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Unlike those of us having our own relapse history, who have our own evidence of the power of a puff, Joel's statement is built upon 32 years of living down in the trenches daily working with smokers and witnessing a couple of thouand relapses.
As for those millions of extra acetylcholine receptors that the brain grew in an attempt to protect itself from an endless steam of a powerful natural insecticide, the science in this area is still unfolding, Richard. Although we're told that receptor down-regulation and re-sensitization is fairly rapid as Joel notes active dependency does permanently alter the brain but is it more psychological and memory driven than physiological? Time will tell.
The act of relapse itself appears to be a combination of a memory that gradually suppresses just how horrible daily life as an addict was and how challenging recovery can be, an excuse to smoke nicotine, and either not yet knowing the law of addiction or rewriting it to make ourself an exception to it.
But once there and that first powerful puff strikes the brain, whether our acetylcholine receptor count in a host of pathways is back to normal or not (some regions with increased receptor sites and others with fewer ), nicotine will cause the release of dopamine and through cascading affect the flow of over 200 other neurochemicals. Logic tells us that, like kissing an old sweetheart, sensing that first puff will revive and bring to the forefront hundreds of thousands or even millions of tiny independent memories of having put a cigarette to our lips, of sucking upon it, of tasting its destructive cargo fill our mouth, of sucking it into our lungs, of waiting those 8 to 10 seconds and then feeling a rush of dopamine and an adrenaline surge, and then memories associated with all the sensations of exhaling.
Aside from any permanent nicotine imprints upon the brain's circuitry, we know that the initial dopamine relapse will be real yet it won't match the addict's thousands of replenishment aaahhhh sensation memories as we're told that the brain had fully adjusted to again functioning without nicotine (within 10 days to two weeks) , there was nothing missing and nothing that needed replacing. Yes, the neurochemical flow is real it comes up short of all those memories of badly needing a fix and the addict's moment of aaahhh glory in buying another 30 minutes to an hour before the mandatory replenishment cycle was repeated again.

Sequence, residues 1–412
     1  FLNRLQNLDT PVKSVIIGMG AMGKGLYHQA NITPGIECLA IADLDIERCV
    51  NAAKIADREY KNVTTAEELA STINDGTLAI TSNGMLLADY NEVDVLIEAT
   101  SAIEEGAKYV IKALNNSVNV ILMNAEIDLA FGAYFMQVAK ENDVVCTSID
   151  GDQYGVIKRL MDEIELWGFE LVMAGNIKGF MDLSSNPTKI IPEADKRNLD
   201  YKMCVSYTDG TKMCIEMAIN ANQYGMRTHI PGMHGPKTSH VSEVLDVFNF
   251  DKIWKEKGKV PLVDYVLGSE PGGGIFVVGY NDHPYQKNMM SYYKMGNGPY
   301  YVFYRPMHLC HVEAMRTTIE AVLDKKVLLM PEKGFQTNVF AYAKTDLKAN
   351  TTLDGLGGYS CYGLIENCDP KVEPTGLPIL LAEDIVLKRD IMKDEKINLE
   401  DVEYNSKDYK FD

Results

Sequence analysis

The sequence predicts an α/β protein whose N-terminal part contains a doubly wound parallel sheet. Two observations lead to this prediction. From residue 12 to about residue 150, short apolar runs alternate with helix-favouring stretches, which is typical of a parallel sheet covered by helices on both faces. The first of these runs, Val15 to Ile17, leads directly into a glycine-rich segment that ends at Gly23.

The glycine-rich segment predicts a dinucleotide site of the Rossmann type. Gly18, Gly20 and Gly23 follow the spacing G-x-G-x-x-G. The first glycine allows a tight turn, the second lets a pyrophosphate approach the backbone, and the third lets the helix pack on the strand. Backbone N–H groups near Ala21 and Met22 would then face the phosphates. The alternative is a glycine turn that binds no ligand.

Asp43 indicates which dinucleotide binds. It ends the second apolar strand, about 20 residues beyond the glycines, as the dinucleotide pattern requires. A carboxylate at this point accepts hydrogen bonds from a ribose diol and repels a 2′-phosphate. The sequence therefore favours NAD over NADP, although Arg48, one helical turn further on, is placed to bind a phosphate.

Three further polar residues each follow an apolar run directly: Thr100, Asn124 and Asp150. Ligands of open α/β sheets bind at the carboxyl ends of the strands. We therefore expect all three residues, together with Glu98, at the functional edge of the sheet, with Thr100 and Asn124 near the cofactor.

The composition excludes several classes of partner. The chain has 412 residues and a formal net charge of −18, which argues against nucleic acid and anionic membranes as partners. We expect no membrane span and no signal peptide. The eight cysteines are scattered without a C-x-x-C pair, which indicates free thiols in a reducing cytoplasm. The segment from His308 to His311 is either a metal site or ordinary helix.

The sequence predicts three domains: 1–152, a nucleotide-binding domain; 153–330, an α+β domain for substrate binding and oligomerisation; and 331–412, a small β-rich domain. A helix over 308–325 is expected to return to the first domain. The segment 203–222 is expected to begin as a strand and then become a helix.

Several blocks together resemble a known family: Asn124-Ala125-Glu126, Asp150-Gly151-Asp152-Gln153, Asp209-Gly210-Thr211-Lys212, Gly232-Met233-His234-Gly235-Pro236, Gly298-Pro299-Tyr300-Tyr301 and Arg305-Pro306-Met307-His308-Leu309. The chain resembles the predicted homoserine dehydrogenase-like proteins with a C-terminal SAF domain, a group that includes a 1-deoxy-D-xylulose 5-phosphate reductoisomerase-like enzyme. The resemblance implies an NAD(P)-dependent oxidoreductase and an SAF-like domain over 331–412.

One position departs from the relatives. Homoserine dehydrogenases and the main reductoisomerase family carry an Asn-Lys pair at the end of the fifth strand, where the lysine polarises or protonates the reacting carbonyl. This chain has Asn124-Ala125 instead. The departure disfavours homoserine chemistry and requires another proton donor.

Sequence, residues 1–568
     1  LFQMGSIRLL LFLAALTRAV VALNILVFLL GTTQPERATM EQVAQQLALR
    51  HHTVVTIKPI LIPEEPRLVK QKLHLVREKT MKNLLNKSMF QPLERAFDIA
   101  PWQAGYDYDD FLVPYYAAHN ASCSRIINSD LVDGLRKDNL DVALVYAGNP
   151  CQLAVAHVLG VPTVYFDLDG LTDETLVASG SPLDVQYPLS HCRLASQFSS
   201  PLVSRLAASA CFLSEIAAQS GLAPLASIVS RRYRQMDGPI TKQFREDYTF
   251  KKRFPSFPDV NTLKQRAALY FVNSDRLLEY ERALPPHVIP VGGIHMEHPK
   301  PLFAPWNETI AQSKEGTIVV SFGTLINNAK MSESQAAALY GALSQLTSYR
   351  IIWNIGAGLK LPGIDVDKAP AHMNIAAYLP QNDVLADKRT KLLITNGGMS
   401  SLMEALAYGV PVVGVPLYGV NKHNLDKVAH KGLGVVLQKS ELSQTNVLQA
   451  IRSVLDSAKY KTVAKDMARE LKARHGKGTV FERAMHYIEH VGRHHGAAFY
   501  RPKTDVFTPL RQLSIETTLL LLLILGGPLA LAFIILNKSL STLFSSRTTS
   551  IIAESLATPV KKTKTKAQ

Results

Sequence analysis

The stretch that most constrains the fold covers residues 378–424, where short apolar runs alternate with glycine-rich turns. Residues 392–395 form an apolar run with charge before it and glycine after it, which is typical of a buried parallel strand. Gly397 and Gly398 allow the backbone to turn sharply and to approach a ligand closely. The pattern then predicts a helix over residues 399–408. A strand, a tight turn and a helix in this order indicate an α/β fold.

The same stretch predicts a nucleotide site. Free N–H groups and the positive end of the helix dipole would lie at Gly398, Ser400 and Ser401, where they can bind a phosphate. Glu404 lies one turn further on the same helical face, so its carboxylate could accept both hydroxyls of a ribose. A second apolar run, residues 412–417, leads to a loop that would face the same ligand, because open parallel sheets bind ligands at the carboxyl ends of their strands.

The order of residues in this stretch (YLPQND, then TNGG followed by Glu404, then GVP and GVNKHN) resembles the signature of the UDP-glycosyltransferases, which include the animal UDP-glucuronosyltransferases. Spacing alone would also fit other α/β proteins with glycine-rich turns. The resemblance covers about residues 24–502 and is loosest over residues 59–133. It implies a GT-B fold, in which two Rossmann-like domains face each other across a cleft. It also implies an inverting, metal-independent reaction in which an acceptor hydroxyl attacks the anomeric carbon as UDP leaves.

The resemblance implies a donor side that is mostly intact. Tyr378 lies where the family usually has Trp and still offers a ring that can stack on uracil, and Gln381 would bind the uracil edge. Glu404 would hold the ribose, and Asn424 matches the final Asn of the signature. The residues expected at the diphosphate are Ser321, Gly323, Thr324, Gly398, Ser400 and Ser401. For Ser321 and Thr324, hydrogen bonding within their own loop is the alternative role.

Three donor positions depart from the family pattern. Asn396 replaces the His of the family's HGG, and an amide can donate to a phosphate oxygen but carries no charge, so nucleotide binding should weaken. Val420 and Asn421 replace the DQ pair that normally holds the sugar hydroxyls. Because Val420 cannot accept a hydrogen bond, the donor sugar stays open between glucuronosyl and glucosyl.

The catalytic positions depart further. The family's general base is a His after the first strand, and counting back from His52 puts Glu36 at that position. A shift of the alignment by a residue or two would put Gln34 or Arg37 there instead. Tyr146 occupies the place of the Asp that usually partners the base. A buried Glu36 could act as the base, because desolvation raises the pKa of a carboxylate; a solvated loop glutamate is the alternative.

In regard to immediate relapse, does this failure to match replenishment memories cause most relapsing to keep trying as they smoke cigarette after cigarette, or possibly even an entire pack, until they restore active dependency and their again junkie mind can say to itself, "see, I knew that my thousands of aaahhh replenishment memories were real as they're back!"
We also know that the circumstance under which the puff was taken are being compared against prior memories and that in all likelihood there will be a match to an old nicotine feeding cue (a trigger) that will likely be reinforced to some degree and that will likely be encountered again soon.
While pouring over piles of NRT studies back in 2000 I noticed a recurring statement by researchers along the lines that smoking one cigarette was the single most predictive factor of ultimate relapse. I think I may have cited two studies in some buried thread, one showing a 95% once cigarette relapse rate and the other an even higher figure which I recall as being 98%.
But I like the way Joel puts it. There are only two possible perceptions after taking that first puff: (1) digging through a pack with full and complete relapse back to your old level of intake or higher; and (2) a feeling that you've somehow gotten away with smoking just one - a feeling that will breed the false belief, and every addict's dream, that you can now control the uncontrollable. Gradually the dream itself will be their undoing. Sadly the group fails to learn the power of that first puff from the school of hard quitting knocks, and the price could be years of extra damage or the ultimate - life itself.
Richard, we check all the new studies coming out fairly regularly and as relapse science continues to unfold we'll share what we learn here on the boards. But it has been my experience these past five years, while watching new studies hit the street, that regardless of the ultimate answers associated with neuronal and neurochemical nicotine mechanics, that the answers will have no choice but to reinforce Joel's lifetime of "real-world" observations. I've now seen it so many times that my jaw no longer drops in awe. Instead I just smile and shake my head.
As Roger likes to remind us, it may not always be simple but certainly is easy. There's just one rule that 100% guarantees success for all. If we want to stay on this side of the bars and keep our now arrested dependency on the other, just one day at a time we need to Never Take Another Puff! John